Agile organizations recognize that they need to start small, gain real value and create the foundational building blocks upon which to expand. These early projects should be valuable and measurable with tangible business results, not just technical proofs of concept. Figure 3 shows a high‑level look at a smart manufacturing enterprise where data from various systems are brought together to achieve a real-time business intelligence platform. This model gives stakeholders access to the information they need when they need it and, based on the use cases for their respective roles, enables them to make sound actionable decisions against that data.

Some such initiatives might include:

  • Identify incident data as early as possible and effectively communicate this data so that operators can analyze the issue and correct them with as little disruption to production as possible.
  • Develop the ability to troubleshoot and repair a machine that is unexpectedly offline, underperforming, out of tolerance or otherwise anomalous. Engineers and plant technicians need to speak a machine's language. For industrial equipment, that language is real-time, accurate, accessible and contextual data. Having this ability improves first-time fix rates, decreases mean time to repair, increases production efficiency and enables predictive maintenance.
  • Monitor, in real time, production and asset performance to enable factory personnel to identify issues in real time. In this way, issues can be addressed before overall equipment effectiveness is impacted. With better visibility into machine health and processes, organizations can rest assured that operators are making speedier, better-informed decisions on the plant floor. Real-time visibility eliminates the wait for up-to-date metrics, helping organizations achieve more complete awareness and insight into machine health and operational performance.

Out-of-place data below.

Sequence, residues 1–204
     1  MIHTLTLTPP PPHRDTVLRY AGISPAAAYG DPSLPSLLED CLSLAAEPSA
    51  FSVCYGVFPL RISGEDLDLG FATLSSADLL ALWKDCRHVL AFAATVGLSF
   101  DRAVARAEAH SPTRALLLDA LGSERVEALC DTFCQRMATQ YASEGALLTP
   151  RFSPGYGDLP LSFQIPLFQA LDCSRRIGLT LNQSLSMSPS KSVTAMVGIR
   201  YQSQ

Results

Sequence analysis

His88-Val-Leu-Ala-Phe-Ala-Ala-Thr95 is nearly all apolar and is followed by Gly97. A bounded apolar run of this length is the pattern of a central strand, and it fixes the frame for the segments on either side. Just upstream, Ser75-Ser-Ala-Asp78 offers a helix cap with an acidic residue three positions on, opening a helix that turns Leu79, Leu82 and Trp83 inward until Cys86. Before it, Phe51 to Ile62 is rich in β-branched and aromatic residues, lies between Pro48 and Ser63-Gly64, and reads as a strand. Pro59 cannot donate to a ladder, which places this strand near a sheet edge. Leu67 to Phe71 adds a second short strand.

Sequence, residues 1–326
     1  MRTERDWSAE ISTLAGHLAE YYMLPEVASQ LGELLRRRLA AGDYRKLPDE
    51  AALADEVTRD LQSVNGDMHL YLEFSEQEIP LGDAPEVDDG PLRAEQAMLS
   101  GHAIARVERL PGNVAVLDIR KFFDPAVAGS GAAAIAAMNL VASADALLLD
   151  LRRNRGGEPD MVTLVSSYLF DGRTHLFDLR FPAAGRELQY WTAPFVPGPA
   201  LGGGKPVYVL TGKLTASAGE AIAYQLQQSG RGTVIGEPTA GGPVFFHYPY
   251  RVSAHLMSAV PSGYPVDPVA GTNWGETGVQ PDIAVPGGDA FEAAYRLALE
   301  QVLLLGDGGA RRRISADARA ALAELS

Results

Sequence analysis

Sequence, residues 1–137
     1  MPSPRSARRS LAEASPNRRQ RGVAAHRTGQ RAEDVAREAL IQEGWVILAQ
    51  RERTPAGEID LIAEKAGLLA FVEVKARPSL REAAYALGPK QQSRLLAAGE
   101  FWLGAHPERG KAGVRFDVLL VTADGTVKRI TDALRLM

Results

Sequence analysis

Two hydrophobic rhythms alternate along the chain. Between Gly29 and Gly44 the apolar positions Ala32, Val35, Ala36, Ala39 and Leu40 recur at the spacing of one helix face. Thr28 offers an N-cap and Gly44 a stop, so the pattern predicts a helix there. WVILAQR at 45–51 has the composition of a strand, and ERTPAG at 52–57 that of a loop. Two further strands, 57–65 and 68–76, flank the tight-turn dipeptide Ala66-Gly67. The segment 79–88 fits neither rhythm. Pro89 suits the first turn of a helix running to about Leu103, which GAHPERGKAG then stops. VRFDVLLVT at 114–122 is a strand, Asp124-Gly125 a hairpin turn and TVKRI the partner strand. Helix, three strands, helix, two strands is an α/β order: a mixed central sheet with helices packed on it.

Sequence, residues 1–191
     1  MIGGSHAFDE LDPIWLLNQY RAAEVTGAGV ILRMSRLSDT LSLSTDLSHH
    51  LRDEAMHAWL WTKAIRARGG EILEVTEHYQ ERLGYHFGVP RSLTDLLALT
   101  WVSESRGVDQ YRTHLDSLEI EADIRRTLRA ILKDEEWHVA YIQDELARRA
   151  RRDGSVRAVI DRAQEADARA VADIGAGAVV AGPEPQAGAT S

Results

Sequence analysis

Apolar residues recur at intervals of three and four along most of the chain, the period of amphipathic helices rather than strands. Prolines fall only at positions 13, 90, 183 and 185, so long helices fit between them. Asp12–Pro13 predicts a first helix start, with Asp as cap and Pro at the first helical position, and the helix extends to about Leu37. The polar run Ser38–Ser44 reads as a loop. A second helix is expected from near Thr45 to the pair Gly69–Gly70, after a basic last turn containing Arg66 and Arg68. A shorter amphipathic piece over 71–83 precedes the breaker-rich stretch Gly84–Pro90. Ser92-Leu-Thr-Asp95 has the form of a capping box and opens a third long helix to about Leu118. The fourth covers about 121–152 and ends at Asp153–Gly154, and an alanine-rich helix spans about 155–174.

Realize the benefits

The realization of a digital transformation to achieve a smart manufacturing stance does not come without challenges. New functionality, skill sets and technology stacks often leave organizations feeling overwhelmed with the daunting task ahead. Many times, these organizations are strapped for resources and looking for better ways to leverage their existing software and technology.

But by breaking the digital transformation process down to simplified steps, organizations can develop a road map for getting there. Through an understanding of current systems, the market and the industry involved, a system can be developed that is designed to respond to shifts in production, thereby gaining agility and efficiency in business.


Damian Bahr is a project manager and technology consultant at 1898 & Co., part of Burns & McDonnell, with nearly 20 years of experience. Damian’s current focus is on developing scalable, real-time transformative digital solutions that enable clients to realize the full potential of the industrial Internet of Things to drive innovation in various industries. His experience includes work in engineering best practices of integrated control systems; engineering tool design for project execution; electrical instrumentation and control system design; and project management.